101 Classic (and Not-So-Classic) TV Shows From the 1980s

With every decade television has gone through something of a seismic shift in terms of content. When the medium kicked off in the 1940s, we got lots of experimentation, people pretty much thrilled to be capturing images — any images — and beaming them to the few television viewers out there. There was, of course, debuts for children’s show Howdy Doody, The Ed Sullivan Show (a variety series that would become one of the biggest in the genre), The Morey Amsterdam Show (co-starring Art Carney), The Boris Karloff Mystery PlayhouseThe Lone Ranger and Texaco Star Theatre (featuring Milton Berle).

The 50s became more ambitious with creators starting to hone in on what television could be in terms of sitcoms and dramas. With the former, we were given lots of radio shows adapted for TV, among them Father Knows Best, The George Burns and Gracie Allen ShowGunsmoke, I Love Lucy (inspired by Lucille Ball’s My Favorite Husband), The Jack Benny Program and Our Miss Brooks.

howdy-doody
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While it may seem odd to consider shows like Father Knows Best, Leave It to Beaver and The Donna Reed Show more “grounded” and “real,” in many instances things got a little wilder and broader in the 1960s, first with the so-called “supernatural” sitcoms that gave us witches (Bewitched), Martians (My Favorite Martian), talking horses (Mister Ed), monsters (The Munsters), the macabre (The Addams Family) and genies (I Dream of Jeannie). These were followed by “rural” comedies such as Green Acres, Petticoat Junction, Mayberry RFD and so on. Obviously there was a lot more to TV in that decade, but some of those listed are the iconic titles that really stand out when you think of that time.

Head into the 1970s, and the television sitcom comes of age. We get shows like All in the Family, The Mary Tyler Moore Show, MASH, Sanford and Son, Taxi, Maude and others that began to address real-world issues in a way that viewers had never seen before. Dramas evolved as well, as they had from the beginning, but one could argue that the ’70s was the era of the sitcom. Contrast this with the ’80s, which not only gave us great sitcoms (Cheers, The Cosby Show, Seinfeld), but saw a maturation of the drama in particular. Shows like Hill Street Blues, St. Elsewhere, thirtysomething, L.A. Law and Wiseguy elevated the form even further. We also got our share of the new hybrid  known as “the dramedy,” with shows like The Wonder Years, The Days and Nights of Molly Dodd, Hooperman and even Doogie Howser, M.D.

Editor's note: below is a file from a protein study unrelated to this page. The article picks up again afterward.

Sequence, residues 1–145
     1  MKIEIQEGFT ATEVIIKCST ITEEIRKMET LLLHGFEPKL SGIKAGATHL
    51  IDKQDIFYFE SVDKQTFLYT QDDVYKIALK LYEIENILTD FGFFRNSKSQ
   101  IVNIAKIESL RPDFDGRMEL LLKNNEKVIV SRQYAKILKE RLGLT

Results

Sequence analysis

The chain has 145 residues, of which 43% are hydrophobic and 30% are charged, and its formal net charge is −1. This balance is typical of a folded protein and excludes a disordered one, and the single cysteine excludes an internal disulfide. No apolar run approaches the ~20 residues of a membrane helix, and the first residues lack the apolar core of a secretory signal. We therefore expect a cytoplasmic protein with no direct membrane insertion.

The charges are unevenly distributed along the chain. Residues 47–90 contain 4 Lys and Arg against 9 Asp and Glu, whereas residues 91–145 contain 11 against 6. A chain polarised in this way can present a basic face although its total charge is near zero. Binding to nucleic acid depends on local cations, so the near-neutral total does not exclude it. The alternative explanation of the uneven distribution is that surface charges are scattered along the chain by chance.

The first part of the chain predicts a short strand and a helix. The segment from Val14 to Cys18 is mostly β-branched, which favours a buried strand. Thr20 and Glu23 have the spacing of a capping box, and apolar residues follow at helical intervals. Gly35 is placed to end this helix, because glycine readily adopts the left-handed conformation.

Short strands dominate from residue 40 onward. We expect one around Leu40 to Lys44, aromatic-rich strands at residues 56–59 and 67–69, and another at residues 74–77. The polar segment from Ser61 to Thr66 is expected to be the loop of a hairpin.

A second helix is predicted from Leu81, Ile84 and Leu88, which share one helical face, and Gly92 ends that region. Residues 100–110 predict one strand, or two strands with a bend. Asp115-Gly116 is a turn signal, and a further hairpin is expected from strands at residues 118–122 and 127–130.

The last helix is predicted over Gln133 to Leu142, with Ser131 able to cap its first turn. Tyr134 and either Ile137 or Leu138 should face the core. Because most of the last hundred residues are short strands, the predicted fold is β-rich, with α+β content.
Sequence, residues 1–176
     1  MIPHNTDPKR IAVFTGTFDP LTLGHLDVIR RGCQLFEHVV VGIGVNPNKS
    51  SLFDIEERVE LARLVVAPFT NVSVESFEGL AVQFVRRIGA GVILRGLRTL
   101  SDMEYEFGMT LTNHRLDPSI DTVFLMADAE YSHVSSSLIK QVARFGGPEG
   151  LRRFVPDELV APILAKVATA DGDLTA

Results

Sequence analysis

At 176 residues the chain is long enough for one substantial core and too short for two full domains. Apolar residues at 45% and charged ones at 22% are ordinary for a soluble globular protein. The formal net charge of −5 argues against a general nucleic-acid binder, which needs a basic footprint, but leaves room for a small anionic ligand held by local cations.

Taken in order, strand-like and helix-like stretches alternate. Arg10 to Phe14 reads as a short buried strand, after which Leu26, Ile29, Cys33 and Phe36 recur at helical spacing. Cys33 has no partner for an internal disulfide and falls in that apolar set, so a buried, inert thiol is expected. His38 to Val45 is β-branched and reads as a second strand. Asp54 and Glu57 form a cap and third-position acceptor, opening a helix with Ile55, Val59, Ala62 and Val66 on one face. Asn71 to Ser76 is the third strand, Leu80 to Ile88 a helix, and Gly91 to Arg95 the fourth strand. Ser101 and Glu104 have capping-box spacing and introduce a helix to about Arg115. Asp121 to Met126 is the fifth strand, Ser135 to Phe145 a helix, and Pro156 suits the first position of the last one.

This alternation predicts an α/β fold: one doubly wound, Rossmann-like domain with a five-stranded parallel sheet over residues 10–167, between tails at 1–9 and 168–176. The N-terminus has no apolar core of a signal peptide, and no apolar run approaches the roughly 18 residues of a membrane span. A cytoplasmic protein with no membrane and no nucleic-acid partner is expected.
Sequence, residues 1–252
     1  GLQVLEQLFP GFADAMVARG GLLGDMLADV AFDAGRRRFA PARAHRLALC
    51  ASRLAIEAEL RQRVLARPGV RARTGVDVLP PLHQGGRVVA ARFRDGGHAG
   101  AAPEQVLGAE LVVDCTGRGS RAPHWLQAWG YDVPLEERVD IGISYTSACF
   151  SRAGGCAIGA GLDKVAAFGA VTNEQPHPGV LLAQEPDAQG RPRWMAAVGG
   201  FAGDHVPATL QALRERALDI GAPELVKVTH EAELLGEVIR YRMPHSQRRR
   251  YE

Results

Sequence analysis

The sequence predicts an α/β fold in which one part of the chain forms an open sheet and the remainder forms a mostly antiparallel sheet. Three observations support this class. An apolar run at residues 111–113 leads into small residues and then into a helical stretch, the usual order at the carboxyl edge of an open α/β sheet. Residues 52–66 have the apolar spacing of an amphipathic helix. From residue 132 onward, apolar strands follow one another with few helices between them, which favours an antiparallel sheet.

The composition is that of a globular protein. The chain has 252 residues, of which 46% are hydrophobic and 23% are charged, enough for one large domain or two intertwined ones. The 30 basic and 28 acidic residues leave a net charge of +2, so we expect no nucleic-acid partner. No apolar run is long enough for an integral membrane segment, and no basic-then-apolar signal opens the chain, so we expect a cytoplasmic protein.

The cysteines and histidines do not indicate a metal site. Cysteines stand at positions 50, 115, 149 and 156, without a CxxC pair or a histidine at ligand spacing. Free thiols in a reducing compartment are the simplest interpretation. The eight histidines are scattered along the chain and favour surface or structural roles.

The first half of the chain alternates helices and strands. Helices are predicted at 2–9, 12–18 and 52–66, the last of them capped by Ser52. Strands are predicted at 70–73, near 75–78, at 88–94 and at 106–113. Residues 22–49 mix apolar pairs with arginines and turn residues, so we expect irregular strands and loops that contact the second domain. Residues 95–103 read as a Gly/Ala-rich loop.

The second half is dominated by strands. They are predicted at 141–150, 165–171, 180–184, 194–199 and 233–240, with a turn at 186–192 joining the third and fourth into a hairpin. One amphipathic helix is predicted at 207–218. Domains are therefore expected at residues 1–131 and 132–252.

In previous installments of the this series, we’ve focused on the 101 classic (and not-so-classic) television shows of the 50s, 60s and 70s. Well, now the ’80s are getting their shot, focusing on many of the highlights (and some of the lowlights) of that 10-year period. Hopefully you’ll find some favorites and, just as importantly, others you may never have heard of but find intriguing — or are relieved you missed.

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